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Bolted anchor biner replacement
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Oct 20, 2015
Rock Climbing Photo: guide book
Came across some semi grooved biners the other day at an anchor and realized that in my pack I have nothing to replace them with. So the question is for the route developers and safety conscious folk out there.

What seems to be a good "goto" steel biner for replacing old worn links and biners ?
thebmags
Joined Jun 5, 2013
156 points
Oct 20, 2015
Mussy hooks attached to anchor bolts/hangers with quick links are the best.
Like this


One option for purchase
amarius
Joined Feb 23, 2012
23 points
Administrator
Oct 20, 2015
Rock Climbing Photo: Lichen head. Me, with my usual weatherbeaten, lich...
Not everybody is a fan of Mussy hooks and their crappy "gates". Even the climbing specific SS biners' gates tend to freeze up or get floppy after a while since the springs don't hold up. I prefer anchors without moving parts, like just two heavy quicklinks or quiucklink and ring combo on each bolt, or if you want something you can just drop your rope into, ramshorns. M Sprague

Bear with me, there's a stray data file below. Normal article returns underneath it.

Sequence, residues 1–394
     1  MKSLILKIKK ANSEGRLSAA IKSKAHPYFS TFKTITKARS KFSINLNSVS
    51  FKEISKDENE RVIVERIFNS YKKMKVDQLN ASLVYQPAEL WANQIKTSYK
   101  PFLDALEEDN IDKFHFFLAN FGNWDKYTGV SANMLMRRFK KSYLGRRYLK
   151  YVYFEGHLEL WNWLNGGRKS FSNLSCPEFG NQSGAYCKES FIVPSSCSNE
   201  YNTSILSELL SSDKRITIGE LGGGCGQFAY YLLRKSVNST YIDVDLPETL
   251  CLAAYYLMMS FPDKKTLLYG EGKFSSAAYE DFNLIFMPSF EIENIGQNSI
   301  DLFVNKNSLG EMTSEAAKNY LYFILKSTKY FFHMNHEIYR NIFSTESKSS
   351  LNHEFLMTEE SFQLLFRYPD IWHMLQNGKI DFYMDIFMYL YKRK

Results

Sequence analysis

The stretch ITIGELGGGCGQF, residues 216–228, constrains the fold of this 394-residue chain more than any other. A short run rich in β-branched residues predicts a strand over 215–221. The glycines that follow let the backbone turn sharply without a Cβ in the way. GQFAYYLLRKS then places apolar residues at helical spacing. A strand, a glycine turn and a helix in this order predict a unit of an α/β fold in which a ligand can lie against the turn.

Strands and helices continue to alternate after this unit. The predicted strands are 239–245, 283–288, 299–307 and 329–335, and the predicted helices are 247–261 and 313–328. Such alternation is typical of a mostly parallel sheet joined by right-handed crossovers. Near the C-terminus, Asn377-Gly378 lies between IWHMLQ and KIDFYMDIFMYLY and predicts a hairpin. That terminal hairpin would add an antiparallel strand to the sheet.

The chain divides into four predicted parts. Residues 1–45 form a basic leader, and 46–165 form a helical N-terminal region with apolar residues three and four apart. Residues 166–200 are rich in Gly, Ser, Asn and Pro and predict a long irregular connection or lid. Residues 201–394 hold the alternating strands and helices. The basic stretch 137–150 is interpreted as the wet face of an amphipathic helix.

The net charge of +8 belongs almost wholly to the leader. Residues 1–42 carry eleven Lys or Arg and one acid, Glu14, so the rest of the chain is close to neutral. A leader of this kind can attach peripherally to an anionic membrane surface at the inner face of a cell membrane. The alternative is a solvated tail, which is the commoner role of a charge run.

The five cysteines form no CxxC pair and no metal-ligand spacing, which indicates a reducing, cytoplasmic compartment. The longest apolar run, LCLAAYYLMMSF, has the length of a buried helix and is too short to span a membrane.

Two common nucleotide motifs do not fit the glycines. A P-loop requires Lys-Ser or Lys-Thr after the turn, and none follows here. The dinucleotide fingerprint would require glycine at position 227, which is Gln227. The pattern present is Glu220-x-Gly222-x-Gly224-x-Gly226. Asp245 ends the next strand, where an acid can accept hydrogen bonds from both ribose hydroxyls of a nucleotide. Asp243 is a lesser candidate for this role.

From New England
Joined Nov 9, 2006
6,307 points
Oct 20, 2015
Rock Climbing Photo: Estes Park Yart
M Sprague wrote:
Not everybody is a fan of Mussy hooks and their crappy "gates". Even the climbing specific SS biners' gates tend to freeze up or get floppy after a while since the springs don't hold up. I prefer anchors without moving parts, like just two heavy quicklinks or quiucklink and ring combo on each bolt, or if you want something you can just drop your rope into, ramshorns.


+1
Brent Apgar
From Out of the Loop
Joined Oct 20, 2007
176 points
Oct 20, 2015
DQ introduced ramhorns (a pair per top anchors) to Rumney and after using them for a while, I am thinking they are the best :) S. Neoh